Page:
FEMA Small Grants

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Find out why you really don’t love small grants, but think you do, and avoid the pitfalls. FEMA small grants fall within a special set of rules. It permits a simplified effort with grant management best practices. A FEMA public assistance small grant seems very attractive but may cause problems long term. You decide as we examine the topic in detail. Walking Small trail on the FEMA Quest map is easier than the rough terrain, hazards, and effort of Large grants.

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Public Assistance Small Grants Defined

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FEMA Public Assistance Small Grants are defined within the Stafford Act and are intended to be a simple, easy way through the process. In 2020, they are capped at $130,000. The number varies. In 2011, the value was about $65,000. Writing a grant costs FEMA money. A few years ago, FEMA estimated the easiest grant to write cost a minimum of $5,000. The Small Grant starts and finishes with the grant application in the FEMA Grants Portal. You supply everything that is needed. You land at $130,000 or less. Your state sends you a check. You are told to keep your documentation available for a while.  You’re done. The grant close out process and grant application process were combined to a single effort by FEMA.

But! But, you can’t go back. A Large Grant, those over the threshold allow for the grant size and grant scope to have flexibility. You may request changes. It is intended to cover the costs of your project or mission – y’know within the normal rules for reimbursement.

Drawbacks to Small Projects

The application process for a small grant and large grant are the same. FEMA has been combining projects recently – that’s them doing their thing. FEMA will take your information from one or more applications and generate one or more grants.

Sometimes, FEMA combines several grant applications or projects into one large grant with a series of “site sheets” or sub-projects. This is clever. Separate projects and separate scopes and separate budgets, but within the confines of a Large Project. Hey, if something is off, go make an adjustment. Make a Request of the state to change the dates, add or subtract dollars, modify the scope.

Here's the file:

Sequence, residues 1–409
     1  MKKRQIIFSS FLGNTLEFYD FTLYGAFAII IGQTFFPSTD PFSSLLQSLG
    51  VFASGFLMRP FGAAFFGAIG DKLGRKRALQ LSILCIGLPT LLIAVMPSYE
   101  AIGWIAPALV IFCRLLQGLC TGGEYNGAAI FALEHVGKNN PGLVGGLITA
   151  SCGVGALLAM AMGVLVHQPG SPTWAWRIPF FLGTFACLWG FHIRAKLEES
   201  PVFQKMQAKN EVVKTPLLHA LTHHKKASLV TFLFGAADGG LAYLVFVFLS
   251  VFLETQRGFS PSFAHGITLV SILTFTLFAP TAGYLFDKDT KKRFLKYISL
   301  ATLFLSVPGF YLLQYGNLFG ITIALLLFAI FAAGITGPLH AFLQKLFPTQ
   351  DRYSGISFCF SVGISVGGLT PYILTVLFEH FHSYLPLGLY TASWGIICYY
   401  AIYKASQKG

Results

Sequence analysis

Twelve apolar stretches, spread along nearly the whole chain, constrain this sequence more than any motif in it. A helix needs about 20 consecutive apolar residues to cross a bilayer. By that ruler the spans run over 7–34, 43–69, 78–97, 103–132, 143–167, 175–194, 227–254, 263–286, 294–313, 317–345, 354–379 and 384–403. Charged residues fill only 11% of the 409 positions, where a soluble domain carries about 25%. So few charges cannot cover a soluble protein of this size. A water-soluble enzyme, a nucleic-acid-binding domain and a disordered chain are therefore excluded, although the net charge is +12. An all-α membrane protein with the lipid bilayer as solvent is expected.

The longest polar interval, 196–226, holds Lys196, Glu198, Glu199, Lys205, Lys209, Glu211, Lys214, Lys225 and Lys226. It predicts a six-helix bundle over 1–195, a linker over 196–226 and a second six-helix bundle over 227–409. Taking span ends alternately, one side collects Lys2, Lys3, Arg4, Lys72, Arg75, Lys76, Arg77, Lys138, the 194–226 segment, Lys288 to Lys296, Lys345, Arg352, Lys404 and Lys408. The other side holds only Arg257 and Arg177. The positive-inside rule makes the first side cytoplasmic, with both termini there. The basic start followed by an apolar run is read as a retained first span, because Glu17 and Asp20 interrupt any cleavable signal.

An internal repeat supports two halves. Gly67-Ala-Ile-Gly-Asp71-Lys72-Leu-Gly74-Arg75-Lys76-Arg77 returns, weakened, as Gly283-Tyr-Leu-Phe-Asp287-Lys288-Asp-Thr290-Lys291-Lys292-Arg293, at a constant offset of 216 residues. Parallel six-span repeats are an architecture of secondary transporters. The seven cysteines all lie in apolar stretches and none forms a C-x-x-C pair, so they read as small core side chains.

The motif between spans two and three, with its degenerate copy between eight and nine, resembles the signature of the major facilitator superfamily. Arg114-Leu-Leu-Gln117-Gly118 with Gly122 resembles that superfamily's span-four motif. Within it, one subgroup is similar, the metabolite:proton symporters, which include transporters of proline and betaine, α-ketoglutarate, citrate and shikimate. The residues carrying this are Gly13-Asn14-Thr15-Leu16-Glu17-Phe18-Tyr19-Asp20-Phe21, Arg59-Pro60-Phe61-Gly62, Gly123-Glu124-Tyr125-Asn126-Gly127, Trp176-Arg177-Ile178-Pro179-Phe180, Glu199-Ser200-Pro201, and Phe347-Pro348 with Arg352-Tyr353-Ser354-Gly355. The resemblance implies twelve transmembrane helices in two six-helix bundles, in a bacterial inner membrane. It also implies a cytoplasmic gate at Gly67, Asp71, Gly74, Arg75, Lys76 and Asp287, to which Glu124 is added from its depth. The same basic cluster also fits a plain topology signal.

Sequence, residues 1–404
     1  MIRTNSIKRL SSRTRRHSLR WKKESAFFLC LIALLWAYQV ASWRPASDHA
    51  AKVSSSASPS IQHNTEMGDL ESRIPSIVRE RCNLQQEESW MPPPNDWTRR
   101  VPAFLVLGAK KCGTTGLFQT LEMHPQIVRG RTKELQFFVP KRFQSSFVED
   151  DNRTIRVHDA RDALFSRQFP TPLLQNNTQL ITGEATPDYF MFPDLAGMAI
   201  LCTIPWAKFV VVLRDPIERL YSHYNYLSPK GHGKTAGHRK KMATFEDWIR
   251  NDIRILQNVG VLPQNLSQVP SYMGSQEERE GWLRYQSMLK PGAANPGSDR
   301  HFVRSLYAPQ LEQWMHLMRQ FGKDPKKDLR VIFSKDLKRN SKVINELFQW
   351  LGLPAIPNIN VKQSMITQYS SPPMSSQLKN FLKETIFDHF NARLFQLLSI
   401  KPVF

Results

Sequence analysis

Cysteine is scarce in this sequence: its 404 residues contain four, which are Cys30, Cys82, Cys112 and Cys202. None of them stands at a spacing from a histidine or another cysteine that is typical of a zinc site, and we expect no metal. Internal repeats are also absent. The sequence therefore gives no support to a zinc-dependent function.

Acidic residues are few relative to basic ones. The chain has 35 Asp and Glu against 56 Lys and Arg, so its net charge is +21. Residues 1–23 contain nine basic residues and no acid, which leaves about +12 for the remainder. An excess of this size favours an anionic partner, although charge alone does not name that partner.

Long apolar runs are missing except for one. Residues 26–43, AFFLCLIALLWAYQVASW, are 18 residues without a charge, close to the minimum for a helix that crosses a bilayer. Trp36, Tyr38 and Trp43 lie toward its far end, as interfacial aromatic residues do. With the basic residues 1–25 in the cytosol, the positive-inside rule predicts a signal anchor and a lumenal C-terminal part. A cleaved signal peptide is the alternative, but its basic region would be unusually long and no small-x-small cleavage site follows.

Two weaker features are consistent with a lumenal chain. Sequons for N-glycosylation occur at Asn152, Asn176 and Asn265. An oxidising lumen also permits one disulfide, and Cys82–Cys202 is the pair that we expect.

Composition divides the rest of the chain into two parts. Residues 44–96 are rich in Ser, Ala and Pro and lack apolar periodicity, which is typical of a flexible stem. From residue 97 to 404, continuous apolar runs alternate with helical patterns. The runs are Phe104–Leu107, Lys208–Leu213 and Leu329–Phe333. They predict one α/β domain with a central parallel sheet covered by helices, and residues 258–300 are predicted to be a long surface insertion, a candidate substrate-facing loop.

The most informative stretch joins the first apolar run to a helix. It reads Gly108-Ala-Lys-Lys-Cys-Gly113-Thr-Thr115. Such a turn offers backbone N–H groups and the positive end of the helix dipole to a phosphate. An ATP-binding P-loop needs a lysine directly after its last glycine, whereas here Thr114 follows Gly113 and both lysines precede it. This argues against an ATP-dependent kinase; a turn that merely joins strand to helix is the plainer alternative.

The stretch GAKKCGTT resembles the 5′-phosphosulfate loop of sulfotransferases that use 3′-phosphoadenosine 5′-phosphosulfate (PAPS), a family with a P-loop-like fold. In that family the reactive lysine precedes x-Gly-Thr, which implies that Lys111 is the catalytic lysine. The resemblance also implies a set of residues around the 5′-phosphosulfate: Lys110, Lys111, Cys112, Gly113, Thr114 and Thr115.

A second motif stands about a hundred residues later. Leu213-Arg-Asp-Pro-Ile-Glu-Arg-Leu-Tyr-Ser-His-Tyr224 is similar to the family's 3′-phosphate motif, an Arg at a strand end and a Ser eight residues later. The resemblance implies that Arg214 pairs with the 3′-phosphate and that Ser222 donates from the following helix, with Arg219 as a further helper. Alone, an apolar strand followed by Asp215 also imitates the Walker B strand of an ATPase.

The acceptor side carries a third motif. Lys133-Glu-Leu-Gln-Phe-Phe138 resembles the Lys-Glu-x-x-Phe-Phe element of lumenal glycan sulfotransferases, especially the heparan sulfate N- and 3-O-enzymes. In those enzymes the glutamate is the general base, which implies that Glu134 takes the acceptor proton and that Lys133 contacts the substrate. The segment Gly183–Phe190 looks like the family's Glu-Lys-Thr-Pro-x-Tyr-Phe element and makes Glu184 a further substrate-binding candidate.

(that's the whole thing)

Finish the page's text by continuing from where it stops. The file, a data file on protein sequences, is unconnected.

Here’s why I don’t like small projects. You’re done. You got a grant for $100,000 for your activities. Then two months later, you see that you missed the fire department payroll and the police department payroll. And the electronic signs and the 500 cones you bought.

Those are all your costs now. You missed them.

Benfits of Small Grants

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The benefits of the small grant. So, what if you miss a dollar here or there? You’re done. Tracking these expenses and uploading documents costs money and time. While FEMA does provide funding for grant management, the trade-off may benefit you. Miss a dollar, gain hours. Yay for you.

It is like a Sunday stroll down Small Trail on the FEMA Quest Map. It’s practically paved!

Small Projects & Tempest-GEMS

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So what about Tempest-GEMS and small grants? Me, I’d skip them. But I have entered a few times. Sometimes by entering them in addition to the large projects, I see the whole picture better. It is personal preference. Yes, the law says that you must keep the documents for years. And Tempest-GEMS can do that reliably.

FEMA Public Assistance Small projects fall below a threshold which is $130,000 in April 2020. You do your close out when you do the application in the Grants Portal or with your paper submission.

If you missed money you don’t get to go back to the window and ask for more.

If the money you got is a few dollars more than the actual costs. You keep that.

And you don’t have to spend hours per week keeping up with the long-term grant management effort. That’s a win.

You weight the pluses and minuses. If your aggregated costs are about $100,000 you may not have much of a choice. If your costs are creeping up and past that point, know your options.

Please share this material with colleagues. Post about us and our efforts on your favorite social media platform. And don’t forget to grab the Guide to small projects to help you on your FEMA Quest.

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